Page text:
A business’ brand identity is more than just a logo. It’s the foundation of the organization, mixed with the public’s perception about their credibility and the solutions they provide. All served alongside strong visuals and messaging.
Creating a Brand
When Taylor West develops a brand with a business from the ground up, we start with asking clients “what is your organization’s purpose?” Answering this question first lays the groundwork to create language and visuals that communicate in an engaging way, showcasing a purpose-driven, solutions-minded organization. Because ultimately, people resonate with brands who have something meaningful to say.
As digital platforms become more crowded with competition, having a strong brand presence is essential, causing many organizations to refresh their branding to break through the clutter. But is this wise?
When an organization comes to us for a refresh or rebrand, we again focus on purpose by asking, “what’s the purpose of the refresh/rebrand?” Is it because sales are down, and social numbers aren’t where you want them? If so, an adjustment to a marketing and communications strategy can usually address those issues and a brand update may not be necessary.
However, a brand update may be warranted if:
- There has been a shift strategy or market position
- A launch of new products and services,
- The current branding no longer represents the organization, its solutions or culture
Once the why behind the brand update is determined, there are still other factors to consider. Primarily, will this be a brand refresh or a rebrand?
So, what’s the difference?
Refreshing a brand is like giving a room a fresh coat of paint during a remodel, giving it a fresh new look. It’s about aesthetics. A refresh typically entails updating the look and feel of a logo and slight adjustments messaging to realign the business. A brand refresh may also include updating collateral, redesigning a website and other visual elements associated with the brand. Think the 2.0 version of a business.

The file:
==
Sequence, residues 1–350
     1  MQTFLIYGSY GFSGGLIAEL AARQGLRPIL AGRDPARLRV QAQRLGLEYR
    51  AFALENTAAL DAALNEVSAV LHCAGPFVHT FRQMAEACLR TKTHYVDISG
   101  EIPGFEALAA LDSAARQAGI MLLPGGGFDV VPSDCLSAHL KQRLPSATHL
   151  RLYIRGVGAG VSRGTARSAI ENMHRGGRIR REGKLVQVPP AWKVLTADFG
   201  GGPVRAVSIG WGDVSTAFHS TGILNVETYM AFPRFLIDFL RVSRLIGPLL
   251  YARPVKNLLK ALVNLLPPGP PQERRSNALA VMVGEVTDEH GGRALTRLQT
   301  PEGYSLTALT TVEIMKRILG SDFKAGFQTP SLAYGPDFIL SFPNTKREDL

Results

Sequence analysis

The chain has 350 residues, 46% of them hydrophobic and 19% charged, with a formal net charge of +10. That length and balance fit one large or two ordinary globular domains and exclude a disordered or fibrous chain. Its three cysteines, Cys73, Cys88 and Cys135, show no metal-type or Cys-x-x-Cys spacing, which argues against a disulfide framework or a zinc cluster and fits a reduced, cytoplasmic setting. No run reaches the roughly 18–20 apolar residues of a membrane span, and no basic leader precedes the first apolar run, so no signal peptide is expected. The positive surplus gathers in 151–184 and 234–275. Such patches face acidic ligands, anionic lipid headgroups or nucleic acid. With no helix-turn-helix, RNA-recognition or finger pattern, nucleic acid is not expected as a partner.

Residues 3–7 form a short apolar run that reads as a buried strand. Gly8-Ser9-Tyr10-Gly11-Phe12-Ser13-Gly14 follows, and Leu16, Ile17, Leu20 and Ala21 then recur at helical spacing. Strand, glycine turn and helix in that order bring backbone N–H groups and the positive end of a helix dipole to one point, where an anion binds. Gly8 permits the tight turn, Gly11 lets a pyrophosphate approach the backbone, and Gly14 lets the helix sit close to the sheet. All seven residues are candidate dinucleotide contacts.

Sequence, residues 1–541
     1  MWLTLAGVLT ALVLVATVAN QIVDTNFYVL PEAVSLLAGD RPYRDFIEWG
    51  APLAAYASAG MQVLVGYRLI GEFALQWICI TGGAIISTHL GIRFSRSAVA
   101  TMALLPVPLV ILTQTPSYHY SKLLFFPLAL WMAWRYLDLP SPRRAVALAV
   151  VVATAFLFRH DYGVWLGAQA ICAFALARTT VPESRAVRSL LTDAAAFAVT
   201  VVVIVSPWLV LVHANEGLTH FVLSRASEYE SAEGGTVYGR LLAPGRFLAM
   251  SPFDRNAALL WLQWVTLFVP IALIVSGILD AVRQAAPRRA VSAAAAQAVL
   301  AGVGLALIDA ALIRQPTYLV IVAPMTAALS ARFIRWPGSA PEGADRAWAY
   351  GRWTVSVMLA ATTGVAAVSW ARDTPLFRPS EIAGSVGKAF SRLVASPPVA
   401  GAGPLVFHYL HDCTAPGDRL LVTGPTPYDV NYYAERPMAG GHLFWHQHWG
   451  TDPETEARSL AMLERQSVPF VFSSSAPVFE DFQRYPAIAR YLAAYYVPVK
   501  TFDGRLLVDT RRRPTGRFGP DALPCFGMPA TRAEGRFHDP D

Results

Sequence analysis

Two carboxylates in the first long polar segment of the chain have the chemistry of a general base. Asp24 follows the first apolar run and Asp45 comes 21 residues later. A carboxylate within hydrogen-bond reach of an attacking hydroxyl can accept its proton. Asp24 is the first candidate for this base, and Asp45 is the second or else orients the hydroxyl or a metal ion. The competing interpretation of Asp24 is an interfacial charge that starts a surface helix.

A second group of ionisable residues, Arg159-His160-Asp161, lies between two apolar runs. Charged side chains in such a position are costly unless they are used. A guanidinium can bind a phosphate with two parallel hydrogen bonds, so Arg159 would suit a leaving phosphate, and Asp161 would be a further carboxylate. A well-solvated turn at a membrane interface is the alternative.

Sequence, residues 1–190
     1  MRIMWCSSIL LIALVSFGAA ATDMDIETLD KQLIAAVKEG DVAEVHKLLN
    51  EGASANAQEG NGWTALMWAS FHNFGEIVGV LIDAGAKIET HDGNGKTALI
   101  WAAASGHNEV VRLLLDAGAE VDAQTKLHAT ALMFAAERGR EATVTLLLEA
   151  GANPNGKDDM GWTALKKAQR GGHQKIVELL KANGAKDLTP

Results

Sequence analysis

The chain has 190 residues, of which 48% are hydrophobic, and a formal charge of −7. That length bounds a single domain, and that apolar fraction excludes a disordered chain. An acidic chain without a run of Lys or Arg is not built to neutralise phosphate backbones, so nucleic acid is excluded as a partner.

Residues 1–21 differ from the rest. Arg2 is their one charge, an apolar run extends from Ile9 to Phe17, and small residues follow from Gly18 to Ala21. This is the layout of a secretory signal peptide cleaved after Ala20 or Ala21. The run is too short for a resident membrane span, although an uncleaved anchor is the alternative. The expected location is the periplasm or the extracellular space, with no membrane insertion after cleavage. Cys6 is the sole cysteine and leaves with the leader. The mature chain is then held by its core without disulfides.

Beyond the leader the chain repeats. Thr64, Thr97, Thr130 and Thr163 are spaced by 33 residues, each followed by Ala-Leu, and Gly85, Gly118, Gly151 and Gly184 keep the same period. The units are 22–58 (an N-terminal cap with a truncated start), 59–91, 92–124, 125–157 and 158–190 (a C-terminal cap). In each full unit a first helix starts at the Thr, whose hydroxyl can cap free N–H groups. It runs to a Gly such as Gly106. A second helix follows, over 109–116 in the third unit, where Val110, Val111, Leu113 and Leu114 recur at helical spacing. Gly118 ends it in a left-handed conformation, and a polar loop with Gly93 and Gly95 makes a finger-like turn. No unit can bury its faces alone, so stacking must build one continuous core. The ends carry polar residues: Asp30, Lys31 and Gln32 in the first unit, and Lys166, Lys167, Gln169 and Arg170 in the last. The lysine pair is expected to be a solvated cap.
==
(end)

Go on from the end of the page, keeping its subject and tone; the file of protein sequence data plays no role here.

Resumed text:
If a brand refresh is like a coat of paint, then a rebrand is like tearing down a house and building a new one. A full rebrand could include a new name, complete redevelopment of a logo, repositioning the tone, services, culture and values of a business.
When starting the rebrand process, businesses must consider how much of the legacy brand needs to be preserved. Organizations must take into account the experience and trust consumers, employees and stakeholders all have with the legacy brand. This allows you to identify any brand elements that may need to be incorporated so that the change doesn’t completely confuse customers.
Other Factors to Consider
How organizations communicate a rebrand is also important. Failure to adequately communicate brand changes could damage an organizations reputation and the trust the company has worked so hard to build with an audience.
Lastly, when you change a logo, must update it everywhere. Business must determine how easy is this to do? How costly? Can it be done in stages or will that cause additional confusion?
With so many things to consider, updating a brand can be overwhelming, but it doesn’t have to be. Whether you need a logo redesign, a website redesign, some refreshed messaging or a complete brand overhaul, Taylor West helps guide you through each step.
Contact us today to learn more about our branding services.